scouts-l Mail Archive for March of 2000: Troop Tentage vs. Personal Tents (was Re: A Misunderstanding )
David Gottshall (Gottshalld@AOL.COM
Tue Mar 28 2000 - 11:40:25 CST
Darryl has brought up an excellent issue.
Should units establish that tents are "personal equipment" much like sleeping bags and backpacks or should troops provide tents?
I would be interested in how your units handle this issue.
For our troop, tents, group cooking gear, tarps, water jugs, water filters, dutch ovens, and stoves are made available for use use on unit camping trips.
Our unit runs fundraising annually to cover costs of expansion, replacement, maintenance and repairs of unit equipment. All scouts are required to participate in fundraising.
In addition, fundraising is used to provide partial stipends for JLTC, hardship camperships for summer camp, and all registrations.
Scouts are free to bring their own tents, but are not required to have a personal tent.
We also have an inventory of used camping equipment packs, cook kits, and uniforms. We encourage our scouts to bring in equipment that they have outgrown so others can use it. Unit leaders keep an eye out at thrift shops and discount sporting goods stores for buys.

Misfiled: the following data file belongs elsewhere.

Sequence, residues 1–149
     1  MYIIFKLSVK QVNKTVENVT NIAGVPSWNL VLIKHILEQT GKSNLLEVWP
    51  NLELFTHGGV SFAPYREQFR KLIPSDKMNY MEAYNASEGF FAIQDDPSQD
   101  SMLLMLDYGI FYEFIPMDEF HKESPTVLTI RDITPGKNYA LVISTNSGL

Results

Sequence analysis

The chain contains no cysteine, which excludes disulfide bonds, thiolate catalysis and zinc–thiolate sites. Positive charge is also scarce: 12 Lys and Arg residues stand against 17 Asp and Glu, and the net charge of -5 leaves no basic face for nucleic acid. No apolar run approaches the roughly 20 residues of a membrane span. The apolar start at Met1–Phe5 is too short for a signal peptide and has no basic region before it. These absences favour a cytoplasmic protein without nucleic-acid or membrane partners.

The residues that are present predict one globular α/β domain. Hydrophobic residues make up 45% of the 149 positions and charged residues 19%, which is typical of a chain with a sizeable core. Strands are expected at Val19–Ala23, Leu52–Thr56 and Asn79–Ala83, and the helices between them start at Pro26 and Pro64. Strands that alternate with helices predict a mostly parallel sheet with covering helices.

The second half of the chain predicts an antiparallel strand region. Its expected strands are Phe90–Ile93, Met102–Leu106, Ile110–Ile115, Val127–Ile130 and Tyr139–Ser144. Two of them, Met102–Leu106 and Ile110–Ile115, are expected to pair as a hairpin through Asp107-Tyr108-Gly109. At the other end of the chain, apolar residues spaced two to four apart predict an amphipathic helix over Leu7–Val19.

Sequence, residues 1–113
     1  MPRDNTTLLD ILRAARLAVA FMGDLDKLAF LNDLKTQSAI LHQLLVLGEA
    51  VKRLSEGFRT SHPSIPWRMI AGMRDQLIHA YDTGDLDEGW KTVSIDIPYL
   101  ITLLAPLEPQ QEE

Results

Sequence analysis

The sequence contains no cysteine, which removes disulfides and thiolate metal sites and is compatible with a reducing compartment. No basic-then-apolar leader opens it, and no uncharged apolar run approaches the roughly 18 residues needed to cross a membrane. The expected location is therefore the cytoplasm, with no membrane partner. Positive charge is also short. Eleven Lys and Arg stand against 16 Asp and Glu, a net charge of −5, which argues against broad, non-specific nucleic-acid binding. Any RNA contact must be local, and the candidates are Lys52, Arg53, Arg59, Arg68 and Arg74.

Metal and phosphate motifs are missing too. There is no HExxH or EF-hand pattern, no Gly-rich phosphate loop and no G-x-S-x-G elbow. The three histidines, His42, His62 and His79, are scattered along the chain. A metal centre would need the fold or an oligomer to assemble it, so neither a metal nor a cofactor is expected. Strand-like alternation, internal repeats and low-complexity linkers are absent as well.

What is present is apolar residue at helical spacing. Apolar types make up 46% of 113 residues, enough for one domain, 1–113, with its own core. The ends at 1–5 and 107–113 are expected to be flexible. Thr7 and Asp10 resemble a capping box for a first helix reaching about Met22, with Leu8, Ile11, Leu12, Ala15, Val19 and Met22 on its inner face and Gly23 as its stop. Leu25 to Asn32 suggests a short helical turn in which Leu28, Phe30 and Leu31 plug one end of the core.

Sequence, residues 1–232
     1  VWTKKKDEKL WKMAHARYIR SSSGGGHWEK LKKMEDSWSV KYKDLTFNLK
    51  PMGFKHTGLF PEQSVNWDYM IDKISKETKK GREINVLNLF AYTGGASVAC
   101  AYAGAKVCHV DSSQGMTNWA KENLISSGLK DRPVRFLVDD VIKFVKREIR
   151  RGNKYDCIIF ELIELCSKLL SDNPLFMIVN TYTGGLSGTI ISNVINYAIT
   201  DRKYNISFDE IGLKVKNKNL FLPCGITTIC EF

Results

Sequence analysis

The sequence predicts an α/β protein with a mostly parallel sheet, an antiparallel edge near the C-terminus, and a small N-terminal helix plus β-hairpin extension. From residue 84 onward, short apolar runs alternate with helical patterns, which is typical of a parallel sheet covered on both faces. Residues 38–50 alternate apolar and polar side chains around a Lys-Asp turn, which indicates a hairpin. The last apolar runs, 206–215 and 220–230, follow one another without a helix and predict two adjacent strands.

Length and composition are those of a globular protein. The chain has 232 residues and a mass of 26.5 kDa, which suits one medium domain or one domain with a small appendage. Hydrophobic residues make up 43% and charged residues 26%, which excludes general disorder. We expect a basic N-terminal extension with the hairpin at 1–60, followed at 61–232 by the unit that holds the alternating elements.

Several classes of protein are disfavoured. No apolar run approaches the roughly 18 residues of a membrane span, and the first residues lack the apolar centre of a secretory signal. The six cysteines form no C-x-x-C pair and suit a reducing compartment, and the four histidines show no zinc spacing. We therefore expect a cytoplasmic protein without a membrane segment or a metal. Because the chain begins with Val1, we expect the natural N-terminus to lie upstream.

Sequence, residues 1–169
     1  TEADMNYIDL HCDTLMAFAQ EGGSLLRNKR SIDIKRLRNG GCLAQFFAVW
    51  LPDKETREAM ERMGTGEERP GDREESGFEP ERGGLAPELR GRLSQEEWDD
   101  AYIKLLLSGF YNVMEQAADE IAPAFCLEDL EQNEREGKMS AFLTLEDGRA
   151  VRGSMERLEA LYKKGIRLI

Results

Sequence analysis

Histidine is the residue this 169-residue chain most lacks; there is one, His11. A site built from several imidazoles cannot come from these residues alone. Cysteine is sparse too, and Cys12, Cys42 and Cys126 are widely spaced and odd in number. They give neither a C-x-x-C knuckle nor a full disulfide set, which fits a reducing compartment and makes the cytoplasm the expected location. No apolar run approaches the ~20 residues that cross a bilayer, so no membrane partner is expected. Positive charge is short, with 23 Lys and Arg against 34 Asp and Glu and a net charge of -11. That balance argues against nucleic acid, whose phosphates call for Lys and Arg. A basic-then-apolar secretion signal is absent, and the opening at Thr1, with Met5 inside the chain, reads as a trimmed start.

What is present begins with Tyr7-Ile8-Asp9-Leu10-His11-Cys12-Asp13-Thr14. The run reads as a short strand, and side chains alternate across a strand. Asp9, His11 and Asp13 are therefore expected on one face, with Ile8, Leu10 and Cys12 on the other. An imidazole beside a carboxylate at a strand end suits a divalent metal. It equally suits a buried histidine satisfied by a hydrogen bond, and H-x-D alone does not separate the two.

Why have troop equipment?
1. Cost...The cost for a new scout to be fully uniformed, with sturdy boots, backpack, sleeping bag, sleeping pad, and other personal items is already HIGH... too high for some families with more than one child in the program.
2. Responsibility...Scouts must learn personal responsibility for things that are not their own...for things that belong to the group. If they are irresponsible it hurts not only themselves but others in their patrol or troop. That lesson is one that needs to be learned.
3. Level playing field...The same uniform makes them all the same, equals...The same tent reenforces that perception in the field. The also reduces the gadgetmania that detracts from the basic skills development in the field.
4. Undue burden on (recruiting) Adults...If the unit does not provide this equipment, the adults of the unit must fill in the gaps. This generates the perception that only "woodsman" can function as adult leaders in the field because they have the necessary equipment already.
Just some thoughts...what are yours?